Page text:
Developments since our last briefing
In our briefing of 20 March (read here) we pointed out that despite the issue of statutory guidance by the Home Office the new Prevent duty in s.26 Counter-Terrorism and Security Act 2015 was not then in force, although we expected it to come into effect in the final week of the Parliamentary session following approval of the necessary regulations by both Houses of Parliament. The last week of Parliamentary business, however, saw the position change.
While both Houses approved the regulations, government spokesmen indicated that they accepted that the issued guidance was incomplete in that further guidance (on the management of external speakers and the holding of events) had not yet been issued. The duty could not be implemented until this further guidance had been issued and the necessary further regulations approved by Parliament. The outgoing government intended that this should be done and the duty implemented on 1 July 2015 but this was subject to the outcome of the general election – one government could not bind its successors.
What institutions should be doing
Some institutions are already well advanced in their planning of strategies and procedures to address the Prevent duty. In the case of schools and academies there is unlikely to be further statutory guidance so these preparations can continue.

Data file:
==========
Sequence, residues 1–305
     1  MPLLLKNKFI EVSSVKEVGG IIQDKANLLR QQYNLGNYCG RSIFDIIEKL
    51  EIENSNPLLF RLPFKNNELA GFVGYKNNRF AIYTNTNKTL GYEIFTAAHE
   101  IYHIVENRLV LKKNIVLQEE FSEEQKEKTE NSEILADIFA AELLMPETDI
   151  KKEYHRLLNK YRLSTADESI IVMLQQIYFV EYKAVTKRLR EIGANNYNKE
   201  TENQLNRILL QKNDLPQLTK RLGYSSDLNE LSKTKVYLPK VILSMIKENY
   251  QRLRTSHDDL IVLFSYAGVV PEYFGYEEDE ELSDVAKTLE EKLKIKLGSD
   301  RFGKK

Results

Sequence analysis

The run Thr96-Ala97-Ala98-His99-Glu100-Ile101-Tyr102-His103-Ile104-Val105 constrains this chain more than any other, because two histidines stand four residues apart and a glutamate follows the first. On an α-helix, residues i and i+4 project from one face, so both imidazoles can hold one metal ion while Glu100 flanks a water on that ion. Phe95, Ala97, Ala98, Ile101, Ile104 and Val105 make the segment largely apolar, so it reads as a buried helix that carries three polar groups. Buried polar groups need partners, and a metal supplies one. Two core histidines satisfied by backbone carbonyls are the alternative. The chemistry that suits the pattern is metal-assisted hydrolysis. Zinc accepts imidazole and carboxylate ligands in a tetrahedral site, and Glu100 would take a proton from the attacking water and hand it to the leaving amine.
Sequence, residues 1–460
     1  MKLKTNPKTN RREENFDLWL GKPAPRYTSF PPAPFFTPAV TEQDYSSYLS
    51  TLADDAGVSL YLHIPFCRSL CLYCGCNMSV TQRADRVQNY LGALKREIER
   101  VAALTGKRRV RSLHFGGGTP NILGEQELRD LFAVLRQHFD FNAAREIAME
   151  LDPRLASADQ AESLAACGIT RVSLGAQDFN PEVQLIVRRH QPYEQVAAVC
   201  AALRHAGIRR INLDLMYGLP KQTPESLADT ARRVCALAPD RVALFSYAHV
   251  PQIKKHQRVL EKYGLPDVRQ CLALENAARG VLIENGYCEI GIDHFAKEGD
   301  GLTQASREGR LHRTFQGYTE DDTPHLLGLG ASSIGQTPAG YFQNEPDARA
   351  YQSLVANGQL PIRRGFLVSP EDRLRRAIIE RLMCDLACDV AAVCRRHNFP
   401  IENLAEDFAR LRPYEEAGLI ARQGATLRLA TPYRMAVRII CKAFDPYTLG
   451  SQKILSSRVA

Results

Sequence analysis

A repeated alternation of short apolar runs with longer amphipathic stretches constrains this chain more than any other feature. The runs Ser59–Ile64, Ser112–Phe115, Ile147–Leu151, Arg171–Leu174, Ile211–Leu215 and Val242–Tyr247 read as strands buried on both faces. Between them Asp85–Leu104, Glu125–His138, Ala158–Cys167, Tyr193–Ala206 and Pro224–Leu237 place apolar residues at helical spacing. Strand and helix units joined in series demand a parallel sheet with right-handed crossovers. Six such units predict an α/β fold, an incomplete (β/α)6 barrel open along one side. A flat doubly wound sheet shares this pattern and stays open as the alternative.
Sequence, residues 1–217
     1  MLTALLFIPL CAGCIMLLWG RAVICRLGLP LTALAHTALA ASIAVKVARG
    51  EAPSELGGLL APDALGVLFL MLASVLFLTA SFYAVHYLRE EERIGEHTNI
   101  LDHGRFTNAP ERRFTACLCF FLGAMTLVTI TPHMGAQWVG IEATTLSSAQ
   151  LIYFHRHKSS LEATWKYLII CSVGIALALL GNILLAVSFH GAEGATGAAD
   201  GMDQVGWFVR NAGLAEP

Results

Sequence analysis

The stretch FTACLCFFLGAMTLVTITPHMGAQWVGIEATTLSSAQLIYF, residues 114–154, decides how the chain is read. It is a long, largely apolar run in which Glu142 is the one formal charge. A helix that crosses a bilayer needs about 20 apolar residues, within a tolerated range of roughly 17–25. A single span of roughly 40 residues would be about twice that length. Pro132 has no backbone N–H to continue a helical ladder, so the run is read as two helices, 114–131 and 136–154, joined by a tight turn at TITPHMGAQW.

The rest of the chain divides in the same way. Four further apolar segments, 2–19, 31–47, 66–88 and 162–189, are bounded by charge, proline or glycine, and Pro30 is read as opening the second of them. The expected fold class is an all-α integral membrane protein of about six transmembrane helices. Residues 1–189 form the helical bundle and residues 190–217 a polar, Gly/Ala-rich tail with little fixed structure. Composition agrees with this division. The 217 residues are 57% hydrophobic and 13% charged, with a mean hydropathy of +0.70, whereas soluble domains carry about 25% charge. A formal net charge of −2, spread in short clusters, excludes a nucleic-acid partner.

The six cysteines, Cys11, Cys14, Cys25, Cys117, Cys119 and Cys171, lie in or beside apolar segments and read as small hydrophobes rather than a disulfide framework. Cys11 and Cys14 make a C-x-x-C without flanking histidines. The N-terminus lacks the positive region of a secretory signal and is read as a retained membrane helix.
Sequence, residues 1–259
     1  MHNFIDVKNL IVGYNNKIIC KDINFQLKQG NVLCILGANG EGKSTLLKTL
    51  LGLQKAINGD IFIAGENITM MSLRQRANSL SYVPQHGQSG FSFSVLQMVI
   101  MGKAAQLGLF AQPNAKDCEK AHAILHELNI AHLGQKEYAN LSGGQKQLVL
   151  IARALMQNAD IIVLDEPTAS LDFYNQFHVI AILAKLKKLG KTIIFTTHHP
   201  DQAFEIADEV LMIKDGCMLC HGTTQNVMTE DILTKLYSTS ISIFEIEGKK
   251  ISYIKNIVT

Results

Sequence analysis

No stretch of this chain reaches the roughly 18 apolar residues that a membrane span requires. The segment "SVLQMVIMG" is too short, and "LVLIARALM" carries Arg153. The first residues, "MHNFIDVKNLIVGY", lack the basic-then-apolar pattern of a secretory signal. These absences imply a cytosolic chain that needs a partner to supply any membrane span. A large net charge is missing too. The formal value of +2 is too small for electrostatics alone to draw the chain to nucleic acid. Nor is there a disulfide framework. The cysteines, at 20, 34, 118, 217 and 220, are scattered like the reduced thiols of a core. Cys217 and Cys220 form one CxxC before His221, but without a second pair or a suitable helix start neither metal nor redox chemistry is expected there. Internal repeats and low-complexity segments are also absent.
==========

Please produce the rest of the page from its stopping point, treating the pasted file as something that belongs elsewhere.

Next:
In the case of colleges and universities final preparations are made by more difficult by the delay in the issue of the further guidance on managing external speakers and events. The drafting of this guidance will bring into sharp focus the potential clash of the s.26 duty with the duties on further and higher education institutions to ensure freedom of speech within the law and to protect academic freedom – existing statutory duties to which institutions are now required to have particular regard as the result of amendments to the 2015 Act made by the House of Lords. Such institutions should, however, be considering what other aspects of their operation may need to be reviewed in the light of the duty and be ready to address the issues raised by meetings and events later in the year when - subject to the general election - further guidance is available. As the duty had the support of the three main political parties (subject to concerns strongly expressed by the Liberal Democrats) it would be unwise to assume that the duty will not be implemented.